Seeing Beyond What You Know

Image Credit: Thorstein Veblen, Scientific American, 1958, page 2

In 1914, Thorstein Veblen wrote a book titled The Instinct of Workmanship and the Industrial Arts. In that book, he coined the phrase “trained incapacity” (p. 347). What he meant by that was the people in a company, trained in the specific fields through education or work experience, usually work at cross-purposes with one another, driven by business leaders’ “disregard of other than pecuniary considerations.” Simply stated, business leaders trained in money matters have an incapacity or inability to see beyond what they know — money (costs, finance, stock price, etc.).

More specifically, Veblen meant the lack of understanding that top leaders have about manufacturing processes because they are habitually focused on money and have developed a “trained incapacity” to recognize problems that are beyond what they know. Probably most of us have told a senior leader about a serious process problem and were dismissed, leaving us to wonder why. The answer is their concerns lie with the larger money problems, not small process problems that workers should know how to fix. Leaders’ close focus on money, of course, often negatively impacts the employees and processes that produce the goods that customers pay for. It also develops a “trained incapacity” to have a deeper and wider social outlook. Consequently, the higher you go up the hierarchy, the more static, rather than evolving, view one has.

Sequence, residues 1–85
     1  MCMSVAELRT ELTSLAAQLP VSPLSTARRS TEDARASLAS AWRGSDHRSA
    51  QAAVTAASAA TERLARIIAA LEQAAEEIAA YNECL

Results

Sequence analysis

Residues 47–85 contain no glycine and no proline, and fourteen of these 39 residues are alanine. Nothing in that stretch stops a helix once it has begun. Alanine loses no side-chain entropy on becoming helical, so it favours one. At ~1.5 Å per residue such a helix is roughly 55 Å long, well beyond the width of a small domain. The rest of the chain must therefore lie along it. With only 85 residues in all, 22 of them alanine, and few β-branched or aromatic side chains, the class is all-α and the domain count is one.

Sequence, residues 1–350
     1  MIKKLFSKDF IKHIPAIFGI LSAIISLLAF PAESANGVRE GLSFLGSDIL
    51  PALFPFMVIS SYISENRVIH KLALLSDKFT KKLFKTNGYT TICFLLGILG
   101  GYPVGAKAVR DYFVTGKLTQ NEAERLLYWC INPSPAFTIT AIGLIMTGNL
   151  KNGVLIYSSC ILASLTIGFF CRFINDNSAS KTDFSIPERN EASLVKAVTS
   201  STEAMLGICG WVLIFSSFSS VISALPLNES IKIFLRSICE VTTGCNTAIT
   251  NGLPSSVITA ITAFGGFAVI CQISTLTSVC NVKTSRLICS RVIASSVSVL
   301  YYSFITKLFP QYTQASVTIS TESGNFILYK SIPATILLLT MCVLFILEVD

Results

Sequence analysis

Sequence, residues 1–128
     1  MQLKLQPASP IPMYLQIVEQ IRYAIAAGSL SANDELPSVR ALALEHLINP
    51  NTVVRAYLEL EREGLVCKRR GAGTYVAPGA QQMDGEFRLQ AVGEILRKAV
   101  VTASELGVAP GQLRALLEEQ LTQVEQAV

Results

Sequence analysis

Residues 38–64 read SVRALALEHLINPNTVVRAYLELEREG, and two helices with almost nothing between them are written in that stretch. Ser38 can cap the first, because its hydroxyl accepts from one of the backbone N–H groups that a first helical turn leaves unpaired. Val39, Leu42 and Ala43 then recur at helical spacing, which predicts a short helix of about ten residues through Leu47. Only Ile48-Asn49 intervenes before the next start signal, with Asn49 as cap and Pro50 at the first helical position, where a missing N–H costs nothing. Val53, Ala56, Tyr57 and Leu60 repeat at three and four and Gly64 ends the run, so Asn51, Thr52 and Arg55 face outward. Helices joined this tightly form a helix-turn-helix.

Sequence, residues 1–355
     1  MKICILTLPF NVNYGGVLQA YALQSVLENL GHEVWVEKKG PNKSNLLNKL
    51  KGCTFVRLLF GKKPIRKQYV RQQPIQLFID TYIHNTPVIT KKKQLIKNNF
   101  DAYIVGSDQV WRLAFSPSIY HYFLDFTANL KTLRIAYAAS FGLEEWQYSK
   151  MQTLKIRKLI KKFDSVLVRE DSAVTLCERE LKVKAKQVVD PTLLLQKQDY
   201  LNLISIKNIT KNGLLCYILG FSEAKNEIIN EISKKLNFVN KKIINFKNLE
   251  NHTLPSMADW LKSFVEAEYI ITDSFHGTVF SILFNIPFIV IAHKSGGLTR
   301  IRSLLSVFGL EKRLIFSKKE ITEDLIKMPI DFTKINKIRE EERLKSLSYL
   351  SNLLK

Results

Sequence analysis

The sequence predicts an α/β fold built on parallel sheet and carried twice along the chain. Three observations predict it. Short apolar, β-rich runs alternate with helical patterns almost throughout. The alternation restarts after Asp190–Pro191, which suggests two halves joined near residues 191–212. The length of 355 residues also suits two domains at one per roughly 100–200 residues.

Seventy-two years later, Professor Chris Argyris, wrote an article that was published in Harvard Business Review titled, “Skilled Incompetence” (1986). In it, he defined skilled incompetence “…managers use practiced routine behavior (skill) to produce what they do not intend (incompetence).” In context, Argyris described this as “counterproductive behavior,” essentially the same as Veben’s work at cross-purposes with one another, making it very difficult to get anything done. In other words, people get good at doing wrong things, and sometimes they even get good at doing bad things. And when we are called out on our “trained incapacity” or “skilled incompetence,” we react defensively, and that makes the problem worse. We choose not to investigate the source of our defensiveness or be more open to new information.

Nobody is immune from “trained incapacity” and “skilled incompetence,” and it seems that Lean world is rife with it. The continuing presence of “Fake Lean” is demonstrable evidence of senior leaders working at cross-purposes with workers and non-executive salaried employees, even to the point of sabotage. And we also have evidence of Lean professionals working at cross-purposes with one another.

The promotion and advocacy for Lean management overall has produced what was not intended, Fake Lean, and seemingly little thought and certainly no meaningful action has been taken in decades to reverse that. That is odd given that Lean world praises learning and improving.

The older generation of Lean power-brokers have long been unto themselves; they are their own bureaucracy. It is unclear who they solicit meaningful feedback from. But it is clear from their actions that “trained incapacity” or “skilled incompetence” are features of their decision-making, not bugs. Hopefully the younger generation of Lean power-brokers will do better.

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